Written by listed counsellor/psychotherapist: Tracy Foster, Dip.Couns, Dip.CBT Registered (MBACP)
28th November, 20140 Comments
What is Relationship OCD?
Like Obsessive Compulsive Disorder - whereby you can experience unpleasant thoughts, images and urges that just don’t go away, and the compulsions (thoughts and actions) that lead you to repeat certain actions to relieve the distress of these obsessive thoughts - Relationship OCD (ROCD) is when you obsessively question whether your partner is right for you, and whether you love them and they love you. If there is doubt it can be difficult to make a decision.
ROCD can be extremely distressing and confusing for the sufferer.
Ongoing research into ROCD suggests those that have experienced OCD may not recognise when their maladaptive thinking intrudes into their relationships.
Signs to look for are:
- Believing your relationship will fail based on uncertainty – is your partner the right person for you – continual checking for intelligence, appearance, social qualities, personality, achievement and so forth, leading you to constantly question your decision making and whether you love them also.
- Seeking reassurance from others and reviewing your relationship time and time again each time something triggers your nagging doubts.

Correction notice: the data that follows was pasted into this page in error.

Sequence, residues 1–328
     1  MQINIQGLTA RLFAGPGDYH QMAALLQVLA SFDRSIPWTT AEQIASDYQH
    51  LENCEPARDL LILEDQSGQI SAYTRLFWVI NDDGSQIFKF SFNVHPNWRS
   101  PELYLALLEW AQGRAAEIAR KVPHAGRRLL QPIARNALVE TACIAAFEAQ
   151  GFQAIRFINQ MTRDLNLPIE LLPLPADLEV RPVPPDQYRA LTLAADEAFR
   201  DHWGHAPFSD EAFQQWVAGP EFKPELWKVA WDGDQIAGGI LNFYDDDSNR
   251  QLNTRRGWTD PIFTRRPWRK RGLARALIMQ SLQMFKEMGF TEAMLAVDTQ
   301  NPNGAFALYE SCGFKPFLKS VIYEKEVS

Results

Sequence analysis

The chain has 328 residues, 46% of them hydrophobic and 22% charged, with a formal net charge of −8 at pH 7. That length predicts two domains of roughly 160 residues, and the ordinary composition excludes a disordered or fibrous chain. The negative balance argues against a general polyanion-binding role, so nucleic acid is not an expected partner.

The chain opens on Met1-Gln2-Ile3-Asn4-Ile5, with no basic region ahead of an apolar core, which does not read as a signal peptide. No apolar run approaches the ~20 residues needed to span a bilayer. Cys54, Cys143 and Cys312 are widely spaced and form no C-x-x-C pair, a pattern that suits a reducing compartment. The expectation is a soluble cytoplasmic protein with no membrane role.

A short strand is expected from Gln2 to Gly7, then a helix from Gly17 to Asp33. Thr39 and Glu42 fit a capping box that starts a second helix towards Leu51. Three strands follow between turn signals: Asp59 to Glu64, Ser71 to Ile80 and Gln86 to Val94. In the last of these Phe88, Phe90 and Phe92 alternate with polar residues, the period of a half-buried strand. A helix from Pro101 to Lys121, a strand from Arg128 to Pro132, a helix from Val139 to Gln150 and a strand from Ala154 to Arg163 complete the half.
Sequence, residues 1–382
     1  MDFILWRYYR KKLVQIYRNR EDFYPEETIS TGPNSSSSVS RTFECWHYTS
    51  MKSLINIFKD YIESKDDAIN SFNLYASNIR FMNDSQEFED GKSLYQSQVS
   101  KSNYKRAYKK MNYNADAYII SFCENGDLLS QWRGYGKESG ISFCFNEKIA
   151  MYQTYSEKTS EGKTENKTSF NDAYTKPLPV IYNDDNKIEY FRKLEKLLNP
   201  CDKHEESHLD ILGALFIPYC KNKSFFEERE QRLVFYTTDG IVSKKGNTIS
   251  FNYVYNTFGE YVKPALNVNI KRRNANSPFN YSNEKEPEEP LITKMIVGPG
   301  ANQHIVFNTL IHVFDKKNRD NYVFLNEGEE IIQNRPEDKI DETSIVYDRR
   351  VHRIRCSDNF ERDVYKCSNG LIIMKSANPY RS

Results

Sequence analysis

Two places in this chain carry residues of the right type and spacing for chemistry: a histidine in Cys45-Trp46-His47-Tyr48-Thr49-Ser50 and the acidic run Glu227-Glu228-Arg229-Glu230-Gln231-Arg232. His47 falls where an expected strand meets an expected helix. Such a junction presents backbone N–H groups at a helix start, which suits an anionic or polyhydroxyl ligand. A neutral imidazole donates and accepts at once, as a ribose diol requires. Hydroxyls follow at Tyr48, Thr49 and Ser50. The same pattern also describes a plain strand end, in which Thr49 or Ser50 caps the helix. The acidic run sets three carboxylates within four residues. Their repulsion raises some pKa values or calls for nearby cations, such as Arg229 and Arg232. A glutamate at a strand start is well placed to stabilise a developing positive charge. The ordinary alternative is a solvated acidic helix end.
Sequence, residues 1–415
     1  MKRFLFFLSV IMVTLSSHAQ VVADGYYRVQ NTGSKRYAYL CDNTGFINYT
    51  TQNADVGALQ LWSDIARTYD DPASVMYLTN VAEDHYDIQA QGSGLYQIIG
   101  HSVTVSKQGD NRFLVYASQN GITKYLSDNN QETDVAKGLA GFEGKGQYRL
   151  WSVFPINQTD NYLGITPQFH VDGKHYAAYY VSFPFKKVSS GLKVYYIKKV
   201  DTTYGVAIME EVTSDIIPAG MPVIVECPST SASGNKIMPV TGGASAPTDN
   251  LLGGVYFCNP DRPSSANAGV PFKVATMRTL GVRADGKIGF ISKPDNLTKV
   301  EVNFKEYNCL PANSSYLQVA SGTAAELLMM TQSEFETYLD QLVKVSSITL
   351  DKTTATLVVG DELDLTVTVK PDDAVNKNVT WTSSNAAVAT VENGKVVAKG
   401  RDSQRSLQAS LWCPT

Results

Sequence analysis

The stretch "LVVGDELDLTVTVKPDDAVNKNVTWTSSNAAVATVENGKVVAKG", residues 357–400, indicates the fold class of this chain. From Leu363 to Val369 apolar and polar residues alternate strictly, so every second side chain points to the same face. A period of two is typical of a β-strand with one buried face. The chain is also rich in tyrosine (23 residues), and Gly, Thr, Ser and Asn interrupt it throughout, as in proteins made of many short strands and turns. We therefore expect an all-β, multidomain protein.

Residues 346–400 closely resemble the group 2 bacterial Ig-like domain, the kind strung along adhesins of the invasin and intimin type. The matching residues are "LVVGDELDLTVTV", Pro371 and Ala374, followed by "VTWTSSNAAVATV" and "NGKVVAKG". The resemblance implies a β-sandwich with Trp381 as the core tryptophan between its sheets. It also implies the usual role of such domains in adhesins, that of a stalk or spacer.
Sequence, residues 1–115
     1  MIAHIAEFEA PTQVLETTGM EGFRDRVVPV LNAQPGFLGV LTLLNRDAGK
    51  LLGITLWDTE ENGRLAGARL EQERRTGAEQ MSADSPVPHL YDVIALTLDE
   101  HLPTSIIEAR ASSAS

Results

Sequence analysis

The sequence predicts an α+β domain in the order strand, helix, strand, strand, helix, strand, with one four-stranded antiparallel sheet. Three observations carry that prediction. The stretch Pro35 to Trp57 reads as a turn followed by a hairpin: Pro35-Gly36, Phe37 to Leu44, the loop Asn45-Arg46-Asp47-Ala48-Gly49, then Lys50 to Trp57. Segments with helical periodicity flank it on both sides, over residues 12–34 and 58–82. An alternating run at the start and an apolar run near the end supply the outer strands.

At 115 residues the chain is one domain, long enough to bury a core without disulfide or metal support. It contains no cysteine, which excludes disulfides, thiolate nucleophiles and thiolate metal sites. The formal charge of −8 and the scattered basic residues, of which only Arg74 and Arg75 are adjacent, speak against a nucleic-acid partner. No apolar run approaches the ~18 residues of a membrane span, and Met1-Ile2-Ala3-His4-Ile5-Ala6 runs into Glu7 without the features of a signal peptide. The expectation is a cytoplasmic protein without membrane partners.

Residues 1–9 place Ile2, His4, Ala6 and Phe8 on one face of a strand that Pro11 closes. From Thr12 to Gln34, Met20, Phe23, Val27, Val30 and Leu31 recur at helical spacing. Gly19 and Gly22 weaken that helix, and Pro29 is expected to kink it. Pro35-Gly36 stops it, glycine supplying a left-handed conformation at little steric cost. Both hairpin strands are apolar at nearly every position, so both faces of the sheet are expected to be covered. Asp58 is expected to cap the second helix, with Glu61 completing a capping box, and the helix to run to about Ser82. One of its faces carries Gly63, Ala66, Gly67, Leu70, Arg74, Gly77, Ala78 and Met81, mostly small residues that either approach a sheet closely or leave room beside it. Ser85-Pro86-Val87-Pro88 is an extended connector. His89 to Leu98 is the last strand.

- Feeling unable to control thinking and avoiding situations where triggers may be present.
- Guilty feelings around your thinking.
- Making lists of pros and cons of the relationship and your partner.
ROCD can affect your self-esteem and self-worth. Ask yourself what you think about these points:
- Do you feel better about yourself when your relationship feels like it’s going well and you feeling in harmony?
- If you have a disagreement or argument, does that affect how you feel about yourself in general?
- Do you feel better about yourself and your relationship if others make positive remarks?
Constant focus on your relationship and your partner can have negative consequences. It can be very difficult to establish a relationship in the first place and not allow the natural “getting to know each other” stages to develop as the “catastrophic consequences” are never far away. Poor relationship satisfaction becomes inevitable with the constant pre-occupation with relationship doubts. Many relationships that are healthy and happy end when one partner continually analyses the relationship, leaving the other feeling angry around constant questioning of their love and commitment to the relationship.
Learning about your obsessions and finding new ways to think is one option for moving forward, such as a talking therapy like Cognitive Behaviour Therapy (CBT). This can be done alone or with your partner.
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